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My little hound is now thirteen,
a geriatric beast.
His muzzle’s white, his teeth are green,
He cannot hear, his eyeballs sheen,
His trembling legs make him careen –
He’s changed, to say the least.
But little Guster runs our fields
with undiminished zest.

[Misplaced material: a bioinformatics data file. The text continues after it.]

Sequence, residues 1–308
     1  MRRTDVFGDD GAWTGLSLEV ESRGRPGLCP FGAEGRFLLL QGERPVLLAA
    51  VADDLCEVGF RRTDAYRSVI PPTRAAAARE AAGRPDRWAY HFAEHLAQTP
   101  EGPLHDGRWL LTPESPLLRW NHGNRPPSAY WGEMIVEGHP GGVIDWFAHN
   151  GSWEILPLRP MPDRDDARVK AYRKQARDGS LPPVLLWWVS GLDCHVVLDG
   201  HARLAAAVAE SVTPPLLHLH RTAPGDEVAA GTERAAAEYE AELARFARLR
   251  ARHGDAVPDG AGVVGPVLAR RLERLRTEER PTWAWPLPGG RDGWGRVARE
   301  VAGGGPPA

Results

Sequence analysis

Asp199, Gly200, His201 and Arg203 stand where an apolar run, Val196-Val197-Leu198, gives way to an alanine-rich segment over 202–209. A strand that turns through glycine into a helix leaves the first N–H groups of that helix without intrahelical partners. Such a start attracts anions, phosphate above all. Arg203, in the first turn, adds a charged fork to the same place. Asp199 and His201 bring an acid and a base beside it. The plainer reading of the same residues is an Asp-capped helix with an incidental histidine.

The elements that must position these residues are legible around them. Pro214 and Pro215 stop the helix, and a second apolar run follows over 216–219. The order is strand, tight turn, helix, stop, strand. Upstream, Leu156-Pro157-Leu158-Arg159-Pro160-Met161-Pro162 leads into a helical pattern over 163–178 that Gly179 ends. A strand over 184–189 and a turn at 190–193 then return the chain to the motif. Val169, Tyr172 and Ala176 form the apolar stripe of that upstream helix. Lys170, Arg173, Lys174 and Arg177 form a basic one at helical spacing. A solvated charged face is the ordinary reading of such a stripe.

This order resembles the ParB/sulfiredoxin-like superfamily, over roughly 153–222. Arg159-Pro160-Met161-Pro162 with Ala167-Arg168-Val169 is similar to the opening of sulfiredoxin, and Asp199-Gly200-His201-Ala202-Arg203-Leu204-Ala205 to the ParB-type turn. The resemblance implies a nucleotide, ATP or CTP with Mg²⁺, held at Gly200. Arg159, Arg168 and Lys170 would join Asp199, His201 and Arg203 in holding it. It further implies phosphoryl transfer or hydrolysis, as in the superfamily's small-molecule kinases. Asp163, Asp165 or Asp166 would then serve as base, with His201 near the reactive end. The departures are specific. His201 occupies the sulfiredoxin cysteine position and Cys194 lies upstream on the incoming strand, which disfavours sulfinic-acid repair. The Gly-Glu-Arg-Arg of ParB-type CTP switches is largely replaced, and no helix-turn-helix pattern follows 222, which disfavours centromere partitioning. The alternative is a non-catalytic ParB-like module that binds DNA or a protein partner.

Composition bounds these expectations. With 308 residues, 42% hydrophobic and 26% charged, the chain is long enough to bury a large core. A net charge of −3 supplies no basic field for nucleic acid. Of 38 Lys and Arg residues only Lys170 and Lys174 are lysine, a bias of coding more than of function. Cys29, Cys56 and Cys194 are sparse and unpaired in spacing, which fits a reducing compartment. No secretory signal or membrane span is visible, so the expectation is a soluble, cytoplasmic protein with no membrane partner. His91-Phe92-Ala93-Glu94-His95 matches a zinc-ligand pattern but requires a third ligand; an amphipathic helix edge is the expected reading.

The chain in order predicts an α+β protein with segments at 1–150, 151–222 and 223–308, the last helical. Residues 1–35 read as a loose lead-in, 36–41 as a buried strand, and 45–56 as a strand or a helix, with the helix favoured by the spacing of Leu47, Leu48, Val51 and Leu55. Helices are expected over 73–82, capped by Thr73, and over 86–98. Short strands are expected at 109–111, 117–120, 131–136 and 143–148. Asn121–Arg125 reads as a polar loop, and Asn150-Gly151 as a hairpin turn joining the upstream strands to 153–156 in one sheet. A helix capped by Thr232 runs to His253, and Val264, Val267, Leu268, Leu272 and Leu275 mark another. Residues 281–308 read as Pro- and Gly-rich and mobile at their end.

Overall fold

At meals, his twirl-dance never yields,
His sister-dogs stand guard as shields,
His baying bark with force he wields –
He’s our beloved pest.
The woman in my mirror holds
me with a steadfast gaze.
Her temples white, her neck in folds,
Her eyelids puffed from dust and molds,
Her hormones give her hots and colds –
She’s seen a lot of days.
What can I learn from Guster’s spark,
his joy in life’s old age?
I’ll hang on to my baying bark,
I’ll chase some rabbits in the park,
Then cuddle friends when it gets dark –
He’s quite the canine sage.